Jean Laaninen wrote (July 22, 2008):
Cara Emily Thornton wrote:, regarding Castrati:
< Of course I agree. But the fact of the matter is, we have evidence that the 18th-century crowd didn't - there was apparently a prohibition on women singing in church. As far as I know, if someone knows better they can correct me, they were in fact expected to be completely silent during the services. This was no doubt their interpretation of certain passages in I Corinthians 14 and I Timothy 2. To this day, in the Lutheran Church in Poland, furthermore, women are permitted to preach, they are permitted to sing non-liturgical sacred music during the service, they are even permitted to lead the service, but they are not allowed to be pastors and (with only one exception that I know of: a young lady who, in addition to being a seminary graduate, is studying to be a professional singer - but even that exception required a LONG conversation with the bishop) they are not allowed to sing their part of the liturgy if they are leading it. So there are vestiges of this attitude in Europe even today. >
Change does come slowly in some circles. But in the USA for most Lutherans these old boundaries do not exist, and I have taken the role of liturgist on occasion here as have many women. The ELCA has had many women as pastors for decades, but sadly unfortunately to my taste we do not have the cantatas on a regular basis for what are probably sufficient reasons...but that is another topic. I have to say I am glad that the old taboos have been broken.

Thanks for sharing this history, and I am hopeful that one day greater freedoms will exist in Europe where they do not yet.

Douglas Cowling wrote (July 22, 2008):
Cara Emily Thornton wrote:, regarding Castrati:
< I mean, it's one thing to be celibate and voluntarily not make use of one's procreative ability, but quite another to artificially get rid of this ability entirely. Isn't that sort of thing prohibited in the Catholic Church nowadays (except out of medical necessity)? >
The CathoChurch has always officially condemned the practice of voluntary or coerced castration while continuing to enjoy its musical benefits from the late 16th century until 1903 when Pius X reestablished the Sistine Chapel and introduced boys. Until that time, only falstettists and castrati sang in the papal choir.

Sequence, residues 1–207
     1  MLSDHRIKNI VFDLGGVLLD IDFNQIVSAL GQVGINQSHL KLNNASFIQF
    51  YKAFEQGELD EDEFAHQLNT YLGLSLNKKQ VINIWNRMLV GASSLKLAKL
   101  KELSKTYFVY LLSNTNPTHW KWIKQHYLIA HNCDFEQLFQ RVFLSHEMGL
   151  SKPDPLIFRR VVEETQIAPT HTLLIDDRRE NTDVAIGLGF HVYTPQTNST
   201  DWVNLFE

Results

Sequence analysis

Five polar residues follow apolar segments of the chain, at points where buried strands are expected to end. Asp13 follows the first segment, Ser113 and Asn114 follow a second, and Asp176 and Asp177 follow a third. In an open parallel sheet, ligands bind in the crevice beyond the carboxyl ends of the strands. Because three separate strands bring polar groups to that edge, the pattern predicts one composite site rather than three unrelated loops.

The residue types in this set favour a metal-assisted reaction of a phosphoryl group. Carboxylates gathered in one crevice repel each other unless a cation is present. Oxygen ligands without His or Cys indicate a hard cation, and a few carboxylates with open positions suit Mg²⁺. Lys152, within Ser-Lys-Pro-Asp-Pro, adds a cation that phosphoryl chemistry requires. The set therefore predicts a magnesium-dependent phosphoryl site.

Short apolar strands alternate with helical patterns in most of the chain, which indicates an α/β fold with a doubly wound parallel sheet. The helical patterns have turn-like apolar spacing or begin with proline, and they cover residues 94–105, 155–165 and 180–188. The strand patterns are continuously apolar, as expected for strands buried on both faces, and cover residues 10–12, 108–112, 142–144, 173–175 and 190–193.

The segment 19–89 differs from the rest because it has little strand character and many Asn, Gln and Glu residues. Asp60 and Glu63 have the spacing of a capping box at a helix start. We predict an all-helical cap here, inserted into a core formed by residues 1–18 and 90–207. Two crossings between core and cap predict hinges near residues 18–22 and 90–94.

"Incomplete" men have never been able to become priests, a prohibition which goes back to the earliest centuries of the church, long before the voice became a musical vogue. The Sistine Chapel choir was supposed to be all clerics -- Palestrina was dismissed because he was a married layman -- but the rules were "overlooked" as the popularity of the castrati increased.

Interestingly, both the Anglican and Lutheran churches seem never to have permitted castrati to sing in church although both maintained a no-woman policy which is still in evidence in the principal cathedral and collegiate choirs (St. Thomas is an all-male affair). Handel managed to slip in a few women at the Chapel Royal as soloists and there was a grudging acceptance of women as soloists in Bach's time, although never in his churches. Castrati did sing in Handel's oratorios but these were performed in theatres and never in churches -- the Bishop of London prohibited performances of "Messiah" in church.

Jean Laaninen wrote (July 22, 2008):
Douglas Cowling wrote, regarding Castrati:
< Interestingly, both the Anglican and Lutheran churches seem never to have permitted castrati to sing in church although both maintained a no-woman policy which is still in evidence in the principal cathedral and collegiate choirs (St. Thomas is an all-male affair). Handel managed to slip in a few women at the Chapel Royal as soloists and there was a grudging acceptance of women as soloists in Bach's time, although never in his churches. Castrati did sing in Handel's oratorios but these were performed in theatres and never in churches -- the Bishop of London prohibited performances of "Messiah" in church. >